Building approvals suffered a sharp decline in September ABS data released yesterday revealed.
Total dwelling units fell 7.2 per cent month on month and more than 20 per cent compared to September 2007 to total 11, 167.
Building approvals for units have seen the biggest decline over the year, now sitting 31.5 per cent lower than in September 2007.
Peter Jones, Master Builders chief economist, said the housing slide posed a major threat to the national economy.
“Aggressive fiscal and monetary policy should help to minimise the risk of a severe economic downturn, however soft conditions in the housing market can be expected over much of calendar 2009, despite the government’s stimulus package and the RBA’s aggressive rate cuts,” he said.
“The latest slide in housing points to the need for more rate cuts in coming months,” he said.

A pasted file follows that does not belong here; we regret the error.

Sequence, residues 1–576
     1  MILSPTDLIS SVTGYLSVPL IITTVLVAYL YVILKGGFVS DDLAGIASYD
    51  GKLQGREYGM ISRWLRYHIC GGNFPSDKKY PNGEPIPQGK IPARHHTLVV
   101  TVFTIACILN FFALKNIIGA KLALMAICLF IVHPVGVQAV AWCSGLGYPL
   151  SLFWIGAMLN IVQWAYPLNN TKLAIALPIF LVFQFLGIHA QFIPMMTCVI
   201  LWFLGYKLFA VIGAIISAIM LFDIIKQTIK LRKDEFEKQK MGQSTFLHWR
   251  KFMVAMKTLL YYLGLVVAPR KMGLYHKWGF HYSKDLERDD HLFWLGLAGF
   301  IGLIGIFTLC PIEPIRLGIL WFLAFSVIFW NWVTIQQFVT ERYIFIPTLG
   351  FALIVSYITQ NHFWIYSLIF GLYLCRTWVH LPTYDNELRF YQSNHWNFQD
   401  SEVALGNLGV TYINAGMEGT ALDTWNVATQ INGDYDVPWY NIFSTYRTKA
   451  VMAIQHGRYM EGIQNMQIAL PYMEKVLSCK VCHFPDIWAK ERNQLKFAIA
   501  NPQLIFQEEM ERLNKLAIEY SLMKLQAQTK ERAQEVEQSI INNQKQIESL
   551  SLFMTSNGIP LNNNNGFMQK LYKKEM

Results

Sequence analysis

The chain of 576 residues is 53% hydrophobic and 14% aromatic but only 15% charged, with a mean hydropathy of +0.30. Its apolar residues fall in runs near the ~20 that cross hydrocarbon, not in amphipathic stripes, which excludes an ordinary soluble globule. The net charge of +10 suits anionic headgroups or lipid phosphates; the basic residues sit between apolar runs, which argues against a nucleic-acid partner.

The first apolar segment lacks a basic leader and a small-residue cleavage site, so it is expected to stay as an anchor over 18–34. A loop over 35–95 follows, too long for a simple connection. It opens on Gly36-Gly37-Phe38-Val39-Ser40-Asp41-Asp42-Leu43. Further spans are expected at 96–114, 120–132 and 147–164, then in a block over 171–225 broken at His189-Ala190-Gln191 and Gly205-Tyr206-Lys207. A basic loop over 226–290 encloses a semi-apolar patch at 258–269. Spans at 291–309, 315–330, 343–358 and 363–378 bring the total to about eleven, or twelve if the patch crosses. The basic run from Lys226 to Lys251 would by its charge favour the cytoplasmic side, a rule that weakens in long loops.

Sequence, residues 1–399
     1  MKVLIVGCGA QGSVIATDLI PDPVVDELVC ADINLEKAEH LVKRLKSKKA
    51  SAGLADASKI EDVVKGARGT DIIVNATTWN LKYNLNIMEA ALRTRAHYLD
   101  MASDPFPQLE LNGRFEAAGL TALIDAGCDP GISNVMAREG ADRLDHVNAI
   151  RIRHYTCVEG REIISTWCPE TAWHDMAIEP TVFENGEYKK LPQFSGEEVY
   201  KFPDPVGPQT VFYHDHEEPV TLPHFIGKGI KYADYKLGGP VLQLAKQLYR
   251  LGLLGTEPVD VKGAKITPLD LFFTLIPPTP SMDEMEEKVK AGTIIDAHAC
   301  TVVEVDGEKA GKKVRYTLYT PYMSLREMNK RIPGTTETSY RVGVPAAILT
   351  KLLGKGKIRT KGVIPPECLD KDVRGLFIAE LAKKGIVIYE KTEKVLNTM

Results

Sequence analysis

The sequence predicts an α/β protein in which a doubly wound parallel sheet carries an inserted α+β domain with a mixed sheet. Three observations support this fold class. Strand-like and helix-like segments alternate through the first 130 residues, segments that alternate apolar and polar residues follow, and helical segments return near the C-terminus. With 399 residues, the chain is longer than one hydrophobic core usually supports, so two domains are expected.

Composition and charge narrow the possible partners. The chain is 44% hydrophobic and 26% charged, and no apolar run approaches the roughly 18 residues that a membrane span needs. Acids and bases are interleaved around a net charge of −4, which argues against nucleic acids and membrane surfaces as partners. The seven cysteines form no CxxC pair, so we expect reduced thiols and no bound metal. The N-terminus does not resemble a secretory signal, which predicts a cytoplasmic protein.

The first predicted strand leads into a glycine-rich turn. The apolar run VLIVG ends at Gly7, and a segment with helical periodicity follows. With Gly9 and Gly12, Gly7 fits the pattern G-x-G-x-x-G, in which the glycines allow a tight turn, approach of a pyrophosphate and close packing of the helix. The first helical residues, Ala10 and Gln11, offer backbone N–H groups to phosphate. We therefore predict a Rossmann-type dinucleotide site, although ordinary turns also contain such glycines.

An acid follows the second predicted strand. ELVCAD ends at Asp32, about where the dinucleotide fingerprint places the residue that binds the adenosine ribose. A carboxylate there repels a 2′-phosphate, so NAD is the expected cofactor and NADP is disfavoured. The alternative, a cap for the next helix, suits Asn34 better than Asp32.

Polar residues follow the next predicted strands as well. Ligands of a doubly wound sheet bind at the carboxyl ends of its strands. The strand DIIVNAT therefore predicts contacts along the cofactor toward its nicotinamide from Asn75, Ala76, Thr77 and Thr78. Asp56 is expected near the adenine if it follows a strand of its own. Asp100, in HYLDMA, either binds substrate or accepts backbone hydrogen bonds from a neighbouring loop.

The Housing Industry Association (HIA) said greater efficiency in planning and administration as well as reduced charges and levies would be necessary to kick start building activity.
“Urgent action in sorting out land release, infrastructure servicing and planning delays are now essential in ensuring a recovery in building activity in residential construction,” HIA chief economist Harley Dale commented.
HIA has forecast the national dwelling shortage to blow out to as much as 85,000 by the end of the 2009 financial year.
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